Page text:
What I think of when I consider buying some organic strawberries from Trader Joe’s:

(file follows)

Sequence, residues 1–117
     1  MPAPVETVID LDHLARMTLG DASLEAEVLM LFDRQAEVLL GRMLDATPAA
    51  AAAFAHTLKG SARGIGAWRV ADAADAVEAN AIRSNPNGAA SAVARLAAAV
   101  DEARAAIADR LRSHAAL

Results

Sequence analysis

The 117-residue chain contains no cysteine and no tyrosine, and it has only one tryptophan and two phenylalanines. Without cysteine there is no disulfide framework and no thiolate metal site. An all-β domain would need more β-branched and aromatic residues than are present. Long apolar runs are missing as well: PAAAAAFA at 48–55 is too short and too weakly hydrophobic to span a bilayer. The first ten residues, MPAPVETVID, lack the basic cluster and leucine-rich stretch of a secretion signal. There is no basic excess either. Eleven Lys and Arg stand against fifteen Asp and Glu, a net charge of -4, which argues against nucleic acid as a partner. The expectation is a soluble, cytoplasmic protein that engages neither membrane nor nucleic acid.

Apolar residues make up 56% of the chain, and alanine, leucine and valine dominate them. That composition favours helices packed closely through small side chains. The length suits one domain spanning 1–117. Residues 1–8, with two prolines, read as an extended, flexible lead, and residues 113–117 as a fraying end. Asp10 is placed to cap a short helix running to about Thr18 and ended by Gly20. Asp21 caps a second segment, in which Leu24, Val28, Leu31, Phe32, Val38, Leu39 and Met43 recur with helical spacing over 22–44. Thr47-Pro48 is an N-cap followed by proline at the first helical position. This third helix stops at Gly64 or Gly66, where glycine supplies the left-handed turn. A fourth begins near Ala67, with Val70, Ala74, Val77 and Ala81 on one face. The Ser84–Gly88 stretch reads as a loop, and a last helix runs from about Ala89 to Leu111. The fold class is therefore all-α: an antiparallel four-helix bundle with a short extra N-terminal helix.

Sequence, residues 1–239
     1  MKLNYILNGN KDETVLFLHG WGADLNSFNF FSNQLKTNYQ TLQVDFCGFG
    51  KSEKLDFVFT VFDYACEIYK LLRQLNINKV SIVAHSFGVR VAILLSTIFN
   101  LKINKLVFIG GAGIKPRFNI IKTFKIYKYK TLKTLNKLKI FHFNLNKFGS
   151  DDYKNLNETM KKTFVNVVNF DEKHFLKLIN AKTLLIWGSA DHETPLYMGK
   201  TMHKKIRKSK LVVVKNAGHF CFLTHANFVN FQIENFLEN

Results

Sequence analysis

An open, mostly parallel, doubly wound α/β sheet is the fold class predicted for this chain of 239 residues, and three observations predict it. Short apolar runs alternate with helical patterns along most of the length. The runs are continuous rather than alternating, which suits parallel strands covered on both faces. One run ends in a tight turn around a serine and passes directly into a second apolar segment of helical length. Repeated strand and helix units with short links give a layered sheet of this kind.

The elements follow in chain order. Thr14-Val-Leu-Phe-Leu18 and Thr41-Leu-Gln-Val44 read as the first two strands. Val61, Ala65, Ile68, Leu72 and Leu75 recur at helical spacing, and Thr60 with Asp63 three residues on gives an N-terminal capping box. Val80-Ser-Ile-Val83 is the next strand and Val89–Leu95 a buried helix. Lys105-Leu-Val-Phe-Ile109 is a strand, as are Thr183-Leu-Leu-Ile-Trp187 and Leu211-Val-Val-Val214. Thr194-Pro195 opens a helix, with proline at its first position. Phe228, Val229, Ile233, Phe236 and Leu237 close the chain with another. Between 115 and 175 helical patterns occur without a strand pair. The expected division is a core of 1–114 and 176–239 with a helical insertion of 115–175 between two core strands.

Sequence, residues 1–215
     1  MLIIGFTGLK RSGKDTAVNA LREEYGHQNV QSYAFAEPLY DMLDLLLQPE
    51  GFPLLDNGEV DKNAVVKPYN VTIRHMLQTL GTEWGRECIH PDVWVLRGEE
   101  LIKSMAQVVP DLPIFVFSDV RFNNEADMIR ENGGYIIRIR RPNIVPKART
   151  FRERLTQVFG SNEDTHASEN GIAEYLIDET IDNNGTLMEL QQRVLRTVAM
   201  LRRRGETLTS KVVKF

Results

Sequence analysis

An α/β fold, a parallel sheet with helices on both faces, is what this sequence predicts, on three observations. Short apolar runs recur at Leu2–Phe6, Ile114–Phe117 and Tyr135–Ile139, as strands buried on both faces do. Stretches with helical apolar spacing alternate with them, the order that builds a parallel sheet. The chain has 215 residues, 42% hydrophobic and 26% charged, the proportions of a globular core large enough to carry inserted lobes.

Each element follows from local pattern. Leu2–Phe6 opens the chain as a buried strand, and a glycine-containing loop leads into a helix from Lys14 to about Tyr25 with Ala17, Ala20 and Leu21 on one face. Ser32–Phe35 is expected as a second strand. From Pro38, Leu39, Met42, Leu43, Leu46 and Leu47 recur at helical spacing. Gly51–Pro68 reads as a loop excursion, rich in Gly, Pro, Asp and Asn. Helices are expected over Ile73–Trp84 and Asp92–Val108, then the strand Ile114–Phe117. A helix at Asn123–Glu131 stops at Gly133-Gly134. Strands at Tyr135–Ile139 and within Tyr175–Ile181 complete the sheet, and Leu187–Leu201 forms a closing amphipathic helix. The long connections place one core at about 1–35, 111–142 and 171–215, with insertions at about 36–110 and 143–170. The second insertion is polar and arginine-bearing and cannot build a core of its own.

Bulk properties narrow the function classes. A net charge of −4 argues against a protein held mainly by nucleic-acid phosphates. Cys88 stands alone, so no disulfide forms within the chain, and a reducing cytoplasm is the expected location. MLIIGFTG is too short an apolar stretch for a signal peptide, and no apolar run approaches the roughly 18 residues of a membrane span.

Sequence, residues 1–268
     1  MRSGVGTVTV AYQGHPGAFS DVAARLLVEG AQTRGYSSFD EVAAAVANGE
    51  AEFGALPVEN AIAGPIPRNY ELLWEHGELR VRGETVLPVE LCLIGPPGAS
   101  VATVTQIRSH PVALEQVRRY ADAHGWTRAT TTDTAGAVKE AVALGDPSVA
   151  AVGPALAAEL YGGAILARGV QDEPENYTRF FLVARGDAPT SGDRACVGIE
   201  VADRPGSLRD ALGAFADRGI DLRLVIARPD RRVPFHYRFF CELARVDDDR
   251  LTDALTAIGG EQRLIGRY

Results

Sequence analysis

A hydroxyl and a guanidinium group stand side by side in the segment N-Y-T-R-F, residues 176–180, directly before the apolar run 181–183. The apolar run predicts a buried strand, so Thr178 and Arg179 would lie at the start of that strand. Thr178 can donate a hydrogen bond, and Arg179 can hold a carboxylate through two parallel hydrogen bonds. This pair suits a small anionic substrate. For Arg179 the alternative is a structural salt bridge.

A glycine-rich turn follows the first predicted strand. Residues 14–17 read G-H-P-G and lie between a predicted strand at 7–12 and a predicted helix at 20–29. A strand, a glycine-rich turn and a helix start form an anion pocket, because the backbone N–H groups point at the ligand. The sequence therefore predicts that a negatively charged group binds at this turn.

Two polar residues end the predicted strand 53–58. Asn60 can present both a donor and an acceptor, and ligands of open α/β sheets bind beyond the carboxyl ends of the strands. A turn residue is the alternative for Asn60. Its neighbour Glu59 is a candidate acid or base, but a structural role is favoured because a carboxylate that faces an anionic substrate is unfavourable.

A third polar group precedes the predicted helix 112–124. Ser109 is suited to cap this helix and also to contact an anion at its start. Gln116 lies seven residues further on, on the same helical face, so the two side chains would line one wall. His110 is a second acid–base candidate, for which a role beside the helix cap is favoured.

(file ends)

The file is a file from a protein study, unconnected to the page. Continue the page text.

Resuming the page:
Country of origin? Where did the produce get shipped to for first distribution? Did these berries come from chile on a ship and arrive in some far away US port? In what kind of container/ packaging? Was that reused? Where/ when were they processed and packaged for sale? How are the working conditions? How much resources went into processing (cleaning, sorting, weighing, portioning, labeling & storing until shipping)? Where did it get shipped to for Trader Joe’s to distribute it internally? (Trader Joe’s has “local” warehouses that supply individual stores with daily deliveries of “fresh” product.) How far has the pound of strawberries traveled by now? How zig-zagged is this line if I trace it on a map? How much plastic wrap do they have to put on the pallets so that the cases of product won’t shift in transport? We get these towering piles of product mummified in so much saran wrap. Why don’t we recycle all of this plastic or find another way to ship since we receive very predictable “loads” every day. (You’d faint if you saw how much plastic we just throw in the dumpster every morning.) Why do they have to put 8 to 12 plastic boxes of individual berry products in a cardboard box that doesn’t have any chance for reuse? How many bales of cardboard do we generate weekly from strawberry alone? How much fossil fuel does it take to compact the cardboard into a bale, load it onto a truck by forklift, ship it to a distributor, send it to a recycler, then to actually recycle it into something else? Where does that plastic box go after I put it in my blue LA city recycling bin? How many have I bought in the last year? As rumored, is our plastic getting sent to China on freighters to get recycled there where the toxic emissions from the process aren’t banned?